Commentary by Greg Hanson
On May 10, 2004, I received a longer version of the following:
“The next phase in the Heritage war in Georgia is set to begin on the 4th of July when we launch the Shock and Awe portion of Boycott Atlanta. We intend to erect 100’s of 1000’s of Boycott Atlanta signs and stickers around the city of Atlanta, and especially around the private Atlanta residences of about 350 anti-southern individuals. We will have a banner towing plane flying over the Peachtree road race in downtown Atlanta on the 4th of July as well, pulling our 56 flag and Boycott Atlanta banner along with PUNT PERDUE! This will be seen live by over 100,000 people.” (www.boycottatlanta.com)
It should be remembered that a boycott of Mobile, Alabama a few years ago produced good results in relatively short order. We need to get behind this effort. Coke is already feeling the effects of the boycott of their products.
On May 12, 2004, I received this communication:
“As we all know, SCV Camps are prohibited from doing politics. However, individuals still have their 1st Amendment Rights (at times and in some places). Awhile back the Mayor of Fernandina Beach, Florida attempted to force a construction worker to remove a Confederate Flag from his truck. He cited that the citizen was working on a project that was paid for by "government funds". The patriot refused to remove his flag and Mayor Joe Gerrity asked the County Attorney to force the issue (the location was not inside the city limits of Fernandina Beach). The County Attorney refused and cautioned "his honor" that the government had no jurisdiction in the proposed issue. The mayor took his complaint to the local paper and stated that he was from Pennsylvania, "where there Was no racial prejudice" and he wasn’t going to tolerate it here. We as individual citizens, considered presenting him with the well known picture of the KKK marching en masse on the streets of Harrisburg, Pa. and carrying the US flag (not the Confederate flag), but opted to show it to some influential politicos, privately instead. A word was dropped here and there. Were we effective? Hard to say, but yesterday the carpetbagger mayor was defeated in his bid for re-election by an unknown newcomer.”
Although the author of this announcement titled it “A Victory (of Sorts),” every effort should be made to capitalize on every such incident, thereby creating our own version of “perception is reality.”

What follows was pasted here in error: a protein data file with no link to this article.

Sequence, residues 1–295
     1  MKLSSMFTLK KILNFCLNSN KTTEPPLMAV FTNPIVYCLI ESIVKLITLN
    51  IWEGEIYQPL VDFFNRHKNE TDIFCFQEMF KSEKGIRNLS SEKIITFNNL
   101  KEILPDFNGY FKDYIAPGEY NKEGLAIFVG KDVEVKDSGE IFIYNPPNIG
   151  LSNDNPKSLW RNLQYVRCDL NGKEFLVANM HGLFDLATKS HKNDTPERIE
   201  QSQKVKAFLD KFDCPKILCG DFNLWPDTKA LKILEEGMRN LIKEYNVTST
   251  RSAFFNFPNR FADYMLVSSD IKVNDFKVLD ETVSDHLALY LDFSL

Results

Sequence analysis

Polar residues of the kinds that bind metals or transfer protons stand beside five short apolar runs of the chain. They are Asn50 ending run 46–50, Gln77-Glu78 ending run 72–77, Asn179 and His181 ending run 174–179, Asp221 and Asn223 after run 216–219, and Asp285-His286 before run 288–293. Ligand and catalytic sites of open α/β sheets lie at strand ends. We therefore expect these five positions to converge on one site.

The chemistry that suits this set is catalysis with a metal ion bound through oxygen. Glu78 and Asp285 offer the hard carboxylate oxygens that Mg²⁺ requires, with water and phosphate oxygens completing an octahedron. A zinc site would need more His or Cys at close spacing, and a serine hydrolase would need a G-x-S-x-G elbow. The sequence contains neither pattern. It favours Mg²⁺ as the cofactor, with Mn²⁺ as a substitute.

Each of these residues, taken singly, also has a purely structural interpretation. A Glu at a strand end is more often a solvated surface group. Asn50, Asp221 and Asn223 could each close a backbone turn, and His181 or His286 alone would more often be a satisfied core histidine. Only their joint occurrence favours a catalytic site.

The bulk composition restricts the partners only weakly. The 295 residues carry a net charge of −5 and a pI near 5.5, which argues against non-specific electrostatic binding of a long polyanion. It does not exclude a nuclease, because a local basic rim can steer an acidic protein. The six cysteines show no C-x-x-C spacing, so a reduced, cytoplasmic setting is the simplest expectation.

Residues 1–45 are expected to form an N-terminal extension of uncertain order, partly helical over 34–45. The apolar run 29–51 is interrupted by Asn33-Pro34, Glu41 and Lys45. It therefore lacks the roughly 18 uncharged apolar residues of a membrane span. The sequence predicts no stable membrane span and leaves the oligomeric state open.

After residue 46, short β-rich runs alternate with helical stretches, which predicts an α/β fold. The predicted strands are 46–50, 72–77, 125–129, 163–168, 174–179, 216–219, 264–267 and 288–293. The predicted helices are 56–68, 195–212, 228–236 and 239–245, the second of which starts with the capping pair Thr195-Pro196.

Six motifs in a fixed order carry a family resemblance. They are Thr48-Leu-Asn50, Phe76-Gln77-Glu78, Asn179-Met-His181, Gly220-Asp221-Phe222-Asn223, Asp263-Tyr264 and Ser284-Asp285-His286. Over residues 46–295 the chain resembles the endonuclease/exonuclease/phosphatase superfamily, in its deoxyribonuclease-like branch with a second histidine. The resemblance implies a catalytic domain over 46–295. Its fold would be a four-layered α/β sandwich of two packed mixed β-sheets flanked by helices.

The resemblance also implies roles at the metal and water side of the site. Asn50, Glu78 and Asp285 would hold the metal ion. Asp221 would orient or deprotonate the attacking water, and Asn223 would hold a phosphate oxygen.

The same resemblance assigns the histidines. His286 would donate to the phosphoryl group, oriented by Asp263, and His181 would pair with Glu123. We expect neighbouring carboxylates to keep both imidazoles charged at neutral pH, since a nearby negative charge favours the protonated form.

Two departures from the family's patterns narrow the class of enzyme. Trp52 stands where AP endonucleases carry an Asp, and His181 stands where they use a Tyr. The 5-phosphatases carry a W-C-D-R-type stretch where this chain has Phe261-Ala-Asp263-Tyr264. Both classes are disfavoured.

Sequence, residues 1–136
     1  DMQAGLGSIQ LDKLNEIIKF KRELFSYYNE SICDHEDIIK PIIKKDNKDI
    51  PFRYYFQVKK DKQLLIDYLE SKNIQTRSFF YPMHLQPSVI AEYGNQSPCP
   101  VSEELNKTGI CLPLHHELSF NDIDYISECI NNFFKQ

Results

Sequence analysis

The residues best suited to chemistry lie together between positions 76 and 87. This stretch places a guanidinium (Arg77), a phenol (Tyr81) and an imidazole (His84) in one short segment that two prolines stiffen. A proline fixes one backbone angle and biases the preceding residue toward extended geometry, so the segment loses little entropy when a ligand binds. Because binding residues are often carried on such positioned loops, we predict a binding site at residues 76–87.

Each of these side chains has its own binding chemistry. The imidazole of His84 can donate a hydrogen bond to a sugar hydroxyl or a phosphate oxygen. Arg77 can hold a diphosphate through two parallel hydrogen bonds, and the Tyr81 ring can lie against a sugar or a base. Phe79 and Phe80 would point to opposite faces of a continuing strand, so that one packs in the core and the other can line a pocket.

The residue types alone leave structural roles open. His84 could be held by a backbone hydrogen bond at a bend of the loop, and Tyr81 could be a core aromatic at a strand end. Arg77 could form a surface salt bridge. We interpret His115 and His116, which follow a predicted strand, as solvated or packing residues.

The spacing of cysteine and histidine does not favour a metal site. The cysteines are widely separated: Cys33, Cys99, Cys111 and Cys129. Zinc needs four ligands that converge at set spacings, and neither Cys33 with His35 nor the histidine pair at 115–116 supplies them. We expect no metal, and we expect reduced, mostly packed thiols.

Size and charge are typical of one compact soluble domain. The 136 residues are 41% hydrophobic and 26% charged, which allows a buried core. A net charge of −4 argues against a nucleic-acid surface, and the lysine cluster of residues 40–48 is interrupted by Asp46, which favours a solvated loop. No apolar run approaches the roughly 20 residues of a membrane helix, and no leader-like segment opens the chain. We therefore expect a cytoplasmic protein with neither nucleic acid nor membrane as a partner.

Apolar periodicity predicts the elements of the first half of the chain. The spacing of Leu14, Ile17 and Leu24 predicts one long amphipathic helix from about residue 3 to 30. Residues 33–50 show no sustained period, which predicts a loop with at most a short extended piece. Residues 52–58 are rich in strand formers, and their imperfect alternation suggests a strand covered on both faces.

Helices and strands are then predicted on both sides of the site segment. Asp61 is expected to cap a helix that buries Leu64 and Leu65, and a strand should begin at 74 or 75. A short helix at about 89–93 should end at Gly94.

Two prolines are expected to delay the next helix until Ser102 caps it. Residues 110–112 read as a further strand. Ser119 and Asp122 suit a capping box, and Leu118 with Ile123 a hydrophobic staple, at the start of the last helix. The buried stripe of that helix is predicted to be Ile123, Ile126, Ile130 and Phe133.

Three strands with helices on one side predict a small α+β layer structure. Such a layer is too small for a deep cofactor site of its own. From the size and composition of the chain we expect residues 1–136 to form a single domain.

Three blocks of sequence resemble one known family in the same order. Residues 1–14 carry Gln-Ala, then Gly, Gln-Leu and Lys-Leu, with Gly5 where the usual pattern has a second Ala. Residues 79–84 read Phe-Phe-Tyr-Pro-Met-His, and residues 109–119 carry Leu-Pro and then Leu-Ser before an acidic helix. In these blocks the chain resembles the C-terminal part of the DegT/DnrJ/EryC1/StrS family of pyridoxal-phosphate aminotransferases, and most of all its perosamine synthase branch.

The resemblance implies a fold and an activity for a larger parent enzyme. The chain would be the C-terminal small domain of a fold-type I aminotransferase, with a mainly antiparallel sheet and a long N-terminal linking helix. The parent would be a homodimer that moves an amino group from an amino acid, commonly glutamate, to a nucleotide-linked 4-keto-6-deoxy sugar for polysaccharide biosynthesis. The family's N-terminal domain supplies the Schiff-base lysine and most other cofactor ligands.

Also on May 12, 2004, I learned that the Palomino Riding Club in Vernon, Texas refused to remove the Confederate flag from their show. Two “offended” student band members were told they could sit out the event instead of participating if the flag “offended” them so much.
On May 17, 2004, David Beasley, former governor of South Carolina, was flagged for the 15th time (16th if you include the banner towing plane that flew over the Hunley procession.) It is also noted that Beasley has failed to appear for four scheduled campaign events, and sneaks into those he does attend. His latest fundraising get together was reportedly poorly attended.
I can hear the band warming up with the funeral dirge for his political career as I type this.
Houston, Mississippi, has announced that the issue on whether or not to allow the local SCV camp to erect a Confederate memorial on courthouse grounds will be left to the voters to decide in November. Although the city counsel had previously approved of the memorial they had come under pressure to retract their approval. Allowing the voters to decide is a vast improvement over the usual caving into such pressure that we have seen in past years.
We all know that the tip of the iceberg is actually the smallest part of an iceberg. That portion that is hidden from view is many times larger, and potentially much more dangerous. The most famous iceberg being the one that sank the unsinkable Titanic.
What we have seen over the last few years, and with increasing regularity over the last several months is the emergence of the Confederate Iceberg. Those actively involved in one way or another in the cause are the tip, and those, usually unaffiliated with any organization being the portion lurking below the surface.
A recent analysis of the 2002 election in Georgia concluded that as many as 250,000 voters had switched their votes from Barnes to Perdue, the majority being rural Democrats. Think of that, a quarter million voters in one state alone responded to the activities of the Georgia Flaggers. Now, consider this: in Georgia there are approximately 3,000 members of the SCV, 1,000 members of the League of the South, and maybe 2,000 or so members of other organizations. That would mean that 244,000 unaffiliated voters responded to the message of the flaggers.
We must make every attempt to increase the size of both ends of the Confederate Iceberg. Every flagging, every reenactment, every living history event, every flag, every bumper-sticker, every t-shirt, every sign, every letter to the editor published, every article printed, increases that iceberg. Now is the time to display the flag everywhere, anywhere, in every medium, and every venue. Repeated exposure is a must, as any advertiser can tell you. The movement has made great strides in just the last few years with the relatively small tip. Just think what advances could be achieved if we increased the size of that tip by just 50 percent. If we could increase the tip by 100 percent we would be virtually unstoppable.
The next step would be the transformation of the Confederate Iceberg into the Confederate Hurricane. Just as icebergs and hurricanes are naturally occurring forces, so is the movement to resist the planned destruction of what is left of the South, and nature will ultimately trump the artificially created edifice erected by the left. If you don’t believe me, take a look at the independent nations that resulted from the collapse of the Soviet Union.